When my son was younger (think middle and high school age) we would often go round and round about this or that, arguing and fighting about the day’s current crisis, and he would often ask, “Why are you so mean?”
As you can imagine, that question would lengthen our conflict for another short while, but one day it hit me and I answered, “Because you make me that way.” I wasn’t a mean mother and I didn’t want to always be criticizing and finding fault, but his actions and expectations led me in that direction. It was disheartening and very unproductive. Thank goodness that’s now in the past.
I have spent the last thirty-four years as a teacher, and I have truly cherished my career. I feel that it is a calling, and I trust that I have served well. The students, their progress, my professionalism, varied learning opportunities, competent colleagues – all have enriched this journey and I can honestly say I would have never been as happy doing anything else. I have thrived as a teacher. I am thankful.
Yet currently I am constantly discouraged by practices and beliefs that continue to astonish me: unending assessments, judgments of students on data alone, lack of trust of teachers, scripted lessons, political power plays, reading wars, teacher evaluations dependent on student scores, and impossible demands placed on classroom teachers.
And so I have found myself being in a bad humor, criticizing, and finding fault almost daily. Not because I want to be that way – not because that’s who I really am. But it seems I am always just a little bent out of shape, always slightly miffed about the latest educational concern. The current state of things is making me mean again.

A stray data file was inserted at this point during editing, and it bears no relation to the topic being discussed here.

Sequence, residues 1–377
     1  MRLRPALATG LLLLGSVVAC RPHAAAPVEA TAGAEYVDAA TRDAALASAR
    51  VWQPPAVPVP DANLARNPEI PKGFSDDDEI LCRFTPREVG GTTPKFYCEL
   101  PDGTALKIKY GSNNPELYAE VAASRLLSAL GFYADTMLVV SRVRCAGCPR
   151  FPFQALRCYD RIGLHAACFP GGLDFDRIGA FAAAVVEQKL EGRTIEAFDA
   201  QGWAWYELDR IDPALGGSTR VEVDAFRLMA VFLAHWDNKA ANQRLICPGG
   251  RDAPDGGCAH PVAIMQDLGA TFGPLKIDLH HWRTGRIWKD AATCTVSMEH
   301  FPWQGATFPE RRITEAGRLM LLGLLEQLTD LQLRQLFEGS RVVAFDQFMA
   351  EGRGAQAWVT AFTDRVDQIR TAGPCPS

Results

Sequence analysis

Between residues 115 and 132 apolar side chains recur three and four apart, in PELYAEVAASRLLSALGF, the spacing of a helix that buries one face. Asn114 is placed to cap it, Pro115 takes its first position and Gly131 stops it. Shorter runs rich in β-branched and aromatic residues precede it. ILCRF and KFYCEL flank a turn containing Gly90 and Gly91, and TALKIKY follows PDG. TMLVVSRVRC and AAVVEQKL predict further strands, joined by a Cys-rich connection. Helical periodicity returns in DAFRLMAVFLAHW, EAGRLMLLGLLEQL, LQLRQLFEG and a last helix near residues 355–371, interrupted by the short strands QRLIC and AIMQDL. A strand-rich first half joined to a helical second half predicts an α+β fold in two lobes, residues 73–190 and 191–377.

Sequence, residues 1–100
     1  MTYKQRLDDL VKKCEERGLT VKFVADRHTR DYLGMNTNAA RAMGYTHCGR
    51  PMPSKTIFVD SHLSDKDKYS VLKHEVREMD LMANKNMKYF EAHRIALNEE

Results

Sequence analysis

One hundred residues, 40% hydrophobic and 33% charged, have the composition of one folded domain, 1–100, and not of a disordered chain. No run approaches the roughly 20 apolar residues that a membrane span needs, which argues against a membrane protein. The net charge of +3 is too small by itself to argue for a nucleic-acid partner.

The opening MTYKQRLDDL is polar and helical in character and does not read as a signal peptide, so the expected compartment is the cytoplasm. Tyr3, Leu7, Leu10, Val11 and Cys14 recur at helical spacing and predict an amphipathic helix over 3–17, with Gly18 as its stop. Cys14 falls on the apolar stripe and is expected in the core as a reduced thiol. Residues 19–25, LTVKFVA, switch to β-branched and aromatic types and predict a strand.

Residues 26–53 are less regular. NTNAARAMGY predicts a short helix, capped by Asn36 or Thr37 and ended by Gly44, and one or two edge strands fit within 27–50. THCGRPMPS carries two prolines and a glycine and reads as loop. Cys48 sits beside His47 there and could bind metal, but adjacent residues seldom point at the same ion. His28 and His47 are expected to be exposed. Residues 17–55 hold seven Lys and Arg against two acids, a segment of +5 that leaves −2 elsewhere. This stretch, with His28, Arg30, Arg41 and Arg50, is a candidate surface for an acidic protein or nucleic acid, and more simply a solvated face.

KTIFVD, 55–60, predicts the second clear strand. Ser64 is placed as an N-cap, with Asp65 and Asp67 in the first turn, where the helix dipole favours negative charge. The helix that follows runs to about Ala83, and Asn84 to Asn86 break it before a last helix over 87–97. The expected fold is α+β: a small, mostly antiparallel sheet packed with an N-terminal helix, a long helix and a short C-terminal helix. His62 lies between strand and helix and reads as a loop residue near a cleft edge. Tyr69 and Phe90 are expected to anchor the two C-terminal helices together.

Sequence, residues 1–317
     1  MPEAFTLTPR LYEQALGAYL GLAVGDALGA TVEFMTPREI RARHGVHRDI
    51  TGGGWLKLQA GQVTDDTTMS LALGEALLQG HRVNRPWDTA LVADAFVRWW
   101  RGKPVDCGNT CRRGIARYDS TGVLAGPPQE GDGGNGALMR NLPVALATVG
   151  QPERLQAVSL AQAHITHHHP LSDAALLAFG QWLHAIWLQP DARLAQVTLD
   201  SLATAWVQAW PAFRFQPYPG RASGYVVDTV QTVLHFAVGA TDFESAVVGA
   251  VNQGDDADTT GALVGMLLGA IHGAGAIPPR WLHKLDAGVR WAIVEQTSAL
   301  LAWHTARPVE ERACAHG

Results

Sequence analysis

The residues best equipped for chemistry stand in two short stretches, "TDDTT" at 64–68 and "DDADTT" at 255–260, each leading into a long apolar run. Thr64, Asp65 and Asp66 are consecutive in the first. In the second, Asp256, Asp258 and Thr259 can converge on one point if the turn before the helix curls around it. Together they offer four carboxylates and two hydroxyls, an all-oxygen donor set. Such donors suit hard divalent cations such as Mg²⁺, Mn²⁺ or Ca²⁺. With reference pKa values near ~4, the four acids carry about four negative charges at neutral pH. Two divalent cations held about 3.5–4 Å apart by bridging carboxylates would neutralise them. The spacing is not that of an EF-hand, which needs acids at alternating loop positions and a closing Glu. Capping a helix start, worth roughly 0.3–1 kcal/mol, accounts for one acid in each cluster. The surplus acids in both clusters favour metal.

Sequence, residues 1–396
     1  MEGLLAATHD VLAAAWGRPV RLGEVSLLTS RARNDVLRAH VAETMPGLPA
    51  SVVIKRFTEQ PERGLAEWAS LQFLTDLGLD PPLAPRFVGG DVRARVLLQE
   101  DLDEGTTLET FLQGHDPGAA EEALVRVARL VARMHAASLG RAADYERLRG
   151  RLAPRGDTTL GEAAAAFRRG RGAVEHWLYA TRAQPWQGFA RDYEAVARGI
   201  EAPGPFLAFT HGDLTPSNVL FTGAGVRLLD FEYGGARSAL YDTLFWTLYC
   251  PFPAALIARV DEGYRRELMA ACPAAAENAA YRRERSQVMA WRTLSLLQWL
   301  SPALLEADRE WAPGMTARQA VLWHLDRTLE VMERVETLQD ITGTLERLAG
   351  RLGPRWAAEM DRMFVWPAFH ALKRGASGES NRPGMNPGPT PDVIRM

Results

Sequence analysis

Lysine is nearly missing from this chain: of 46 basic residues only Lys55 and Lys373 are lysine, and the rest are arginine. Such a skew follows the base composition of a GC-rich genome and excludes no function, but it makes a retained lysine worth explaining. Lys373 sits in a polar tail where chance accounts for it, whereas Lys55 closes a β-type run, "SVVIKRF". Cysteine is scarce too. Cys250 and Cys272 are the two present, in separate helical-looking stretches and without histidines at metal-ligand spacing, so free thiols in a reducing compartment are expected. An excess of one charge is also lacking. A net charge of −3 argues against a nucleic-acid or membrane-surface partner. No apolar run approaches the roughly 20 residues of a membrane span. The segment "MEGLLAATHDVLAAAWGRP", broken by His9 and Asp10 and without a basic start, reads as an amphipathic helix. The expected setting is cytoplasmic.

I seem to think that pointing these things out will bring about a change. I’d like to think that is true, but there’s not much history of that. And it’s spring (almost) and there’s only 44 days left in this school year, and so…
I am choosing to be positive.
This isn’t going to be easy. It is going to have to start as an intentional act, but I am hoping that it will soon become a habit. And to get started, today, I talked with a parent of a child who has gotten lost in the paperwork of assessments. I told her that I would add her to my reading group, and we would work on making her a stronger reader. That made me happy. (It made her mom happy too.)
I’d much rather be the bearer of good tidings rather than being mean all the time. So I’ll start with that, and look forward to finding the good in the days to come.